Our retailing correspondent, M.T. WALLETTE, dampens down recent speculation arising from a speech from a director of the shopping mall developers
Westfield today denied reports on social media that one of its most senior executives had announced that a deal had been struck with the John Lewis Partnership for it to open an anchor store in the £1.4billion supermall planned for the town centre.
And the John Lewis Partnership dismissed the reports as “speculation”.
Steve Yewman, Westfield’s development director, yesterday addressed a networking lunch organised by Crystal Palace football club’s business club. Some of the attendees at the event related that he told them that John Lewis would close their Purley Way At Home store and instead open a department store in the long-planned Hammersfield supermall.
Yewman was also supposed to have given another, revised, opening date of 2022 – which would make it a full decade since the “regeneration” plans were first announced by the then London Mayor, Boris Johnson, and the sometime MP for the Whitgift Foundation, Gavin Barwell.
But progress on the biggest redevelopment in Croydon for half a century has been stalled since a Compulsory Purchase Order was agreed in 2015. A revised planning application from Westfield and partners Hammerson was supposed to have been submitted to Croydon Council nearly six months ago, with a view to demolition work of the existing Whitgift Centre beginning in early 2018.
The Croydon Partnership website is still suggesting that the supermall, which was supposed to have been built and operational by 2017, will finally be ready for business in 2021. That’s now looking increasingly unlikely.
There’s mounting concerns over the slow progress, especially among the governors of the Whitgift Foundation, which owns the freehold of the steadily declining Whitgift Centre, and who depend on the commercial income from the shopping mall site to help meet the costs of running their alms houses and private schools. It was the Foundation which invited Westfield to Croydon in 2012, when the Whitgift Centre leasees had already engaged Hammersons to oversee a redevelopment of the site.
Inside Croydon reported exclusively in July that the delays have been caused in major part because Westfield has been unable to secure any agreement from John Lewis to take space in the development – probably in the area which was once the Allder’s department store.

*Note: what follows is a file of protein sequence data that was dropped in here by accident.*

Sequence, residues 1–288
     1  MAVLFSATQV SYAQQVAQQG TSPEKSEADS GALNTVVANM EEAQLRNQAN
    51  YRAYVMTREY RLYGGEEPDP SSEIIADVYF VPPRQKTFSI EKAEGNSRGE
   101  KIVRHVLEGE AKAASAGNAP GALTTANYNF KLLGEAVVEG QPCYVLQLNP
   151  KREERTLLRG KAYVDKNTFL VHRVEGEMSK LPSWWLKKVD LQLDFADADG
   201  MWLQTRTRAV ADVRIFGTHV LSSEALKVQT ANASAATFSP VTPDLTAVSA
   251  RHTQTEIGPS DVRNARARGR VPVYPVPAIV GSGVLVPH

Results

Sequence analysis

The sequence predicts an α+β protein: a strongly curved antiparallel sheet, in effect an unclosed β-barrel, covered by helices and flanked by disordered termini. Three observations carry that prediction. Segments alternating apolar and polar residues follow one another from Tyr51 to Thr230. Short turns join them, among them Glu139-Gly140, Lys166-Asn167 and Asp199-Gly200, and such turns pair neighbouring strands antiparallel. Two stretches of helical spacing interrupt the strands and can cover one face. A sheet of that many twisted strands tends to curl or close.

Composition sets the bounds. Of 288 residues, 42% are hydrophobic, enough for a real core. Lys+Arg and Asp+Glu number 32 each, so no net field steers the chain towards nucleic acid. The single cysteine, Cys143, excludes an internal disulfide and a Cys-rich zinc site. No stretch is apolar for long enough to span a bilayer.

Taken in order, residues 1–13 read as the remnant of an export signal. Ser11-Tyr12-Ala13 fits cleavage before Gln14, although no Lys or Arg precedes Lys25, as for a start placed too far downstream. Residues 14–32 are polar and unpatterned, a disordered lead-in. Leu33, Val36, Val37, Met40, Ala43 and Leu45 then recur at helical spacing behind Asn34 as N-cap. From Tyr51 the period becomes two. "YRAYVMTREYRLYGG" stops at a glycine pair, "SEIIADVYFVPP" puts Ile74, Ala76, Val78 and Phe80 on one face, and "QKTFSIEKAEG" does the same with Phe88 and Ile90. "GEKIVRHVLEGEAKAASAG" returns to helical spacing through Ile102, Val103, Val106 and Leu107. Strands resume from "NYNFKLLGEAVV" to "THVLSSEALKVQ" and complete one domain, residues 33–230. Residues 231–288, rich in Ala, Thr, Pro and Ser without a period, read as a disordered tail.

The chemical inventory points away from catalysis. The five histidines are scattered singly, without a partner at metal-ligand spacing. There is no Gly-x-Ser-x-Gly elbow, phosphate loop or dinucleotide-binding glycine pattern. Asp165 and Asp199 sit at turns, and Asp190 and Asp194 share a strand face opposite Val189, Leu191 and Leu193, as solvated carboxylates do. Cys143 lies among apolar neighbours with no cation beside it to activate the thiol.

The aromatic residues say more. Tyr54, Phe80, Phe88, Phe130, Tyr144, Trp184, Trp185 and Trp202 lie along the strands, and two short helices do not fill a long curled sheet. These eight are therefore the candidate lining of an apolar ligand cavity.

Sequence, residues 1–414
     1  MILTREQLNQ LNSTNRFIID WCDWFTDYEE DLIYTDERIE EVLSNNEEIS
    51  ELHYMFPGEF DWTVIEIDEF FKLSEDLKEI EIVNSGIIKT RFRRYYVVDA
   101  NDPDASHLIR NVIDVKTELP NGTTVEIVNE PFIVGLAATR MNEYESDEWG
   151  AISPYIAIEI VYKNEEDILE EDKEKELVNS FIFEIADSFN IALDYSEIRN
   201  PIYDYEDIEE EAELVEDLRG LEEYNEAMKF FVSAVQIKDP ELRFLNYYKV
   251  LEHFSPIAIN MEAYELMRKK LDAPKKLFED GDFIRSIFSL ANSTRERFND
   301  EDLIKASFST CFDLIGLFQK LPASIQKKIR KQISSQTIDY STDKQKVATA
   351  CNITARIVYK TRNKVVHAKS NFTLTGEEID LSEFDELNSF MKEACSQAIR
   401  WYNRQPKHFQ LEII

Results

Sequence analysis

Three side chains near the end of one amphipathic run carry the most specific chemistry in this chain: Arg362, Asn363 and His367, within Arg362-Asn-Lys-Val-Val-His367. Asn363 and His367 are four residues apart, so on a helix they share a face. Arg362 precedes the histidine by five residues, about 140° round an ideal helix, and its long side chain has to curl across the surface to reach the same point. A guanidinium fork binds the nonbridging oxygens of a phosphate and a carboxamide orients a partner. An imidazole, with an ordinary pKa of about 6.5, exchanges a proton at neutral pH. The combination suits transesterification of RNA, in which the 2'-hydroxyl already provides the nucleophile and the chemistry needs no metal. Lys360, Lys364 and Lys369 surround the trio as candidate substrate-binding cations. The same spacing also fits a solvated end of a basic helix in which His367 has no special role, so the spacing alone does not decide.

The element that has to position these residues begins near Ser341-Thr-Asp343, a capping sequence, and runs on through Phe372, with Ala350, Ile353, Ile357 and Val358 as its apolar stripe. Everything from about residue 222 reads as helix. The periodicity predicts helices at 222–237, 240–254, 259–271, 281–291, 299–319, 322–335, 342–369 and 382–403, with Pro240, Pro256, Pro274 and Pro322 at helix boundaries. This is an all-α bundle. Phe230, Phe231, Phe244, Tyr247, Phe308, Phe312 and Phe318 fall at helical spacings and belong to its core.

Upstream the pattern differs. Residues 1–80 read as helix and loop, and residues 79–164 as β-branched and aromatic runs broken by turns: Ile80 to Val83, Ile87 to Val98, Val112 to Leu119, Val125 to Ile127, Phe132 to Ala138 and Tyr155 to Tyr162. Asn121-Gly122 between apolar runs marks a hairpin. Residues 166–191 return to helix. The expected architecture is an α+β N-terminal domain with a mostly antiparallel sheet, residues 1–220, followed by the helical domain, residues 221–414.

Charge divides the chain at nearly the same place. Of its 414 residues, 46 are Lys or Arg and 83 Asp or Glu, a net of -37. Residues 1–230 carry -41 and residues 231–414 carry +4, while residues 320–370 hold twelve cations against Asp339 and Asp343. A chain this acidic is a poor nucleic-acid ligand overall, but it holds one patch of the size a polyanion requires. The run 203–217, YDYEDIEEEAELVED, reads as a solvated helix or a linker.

Since then, John Lewis’s new chief executive, Paula Nickolds, in an extensive interview in the Sunday Times, failed to mention Croydon among the three store openings planned by the company.
And the partnership has also just reported a 50 per cent fall in half-yearly profits, reflecting the accelerating decline for high street retailers.
Neither of these can be seen as particularly promising indicators for Westfield’s hopes of securing a John Lewis store for their shopping centre. To date, the biggest “attraction” that they have announced is … Marks and Sparks. Yeah.
Today, when asked about the John Lewis comments attributed to Yewman at the networking lunch, a member of his staff told Inside Croydon, “That is definitely not the case.”
Croydon’s dalliance with John Lewis has been going on for around 20 years (it just seems like longer). They were once mentioned as potential occupiers for a redevelopment on the site of where St George’s Walk now stands. It never happened.
Today, a spokeswoman for the John Lewis Partnership said of the latest reports, “We are often linked to speculation about where we’ll open a new shop, but we don’t comment on speculation.”
And a spokesman for the Croydon Partnership said that Steve Yewman’s speech had talked about the wider redevelopment and regeneration of Croydon. But when it came to John Lewis, Yewman said that they “had made a commitment to the town (not the scheme itself)”.
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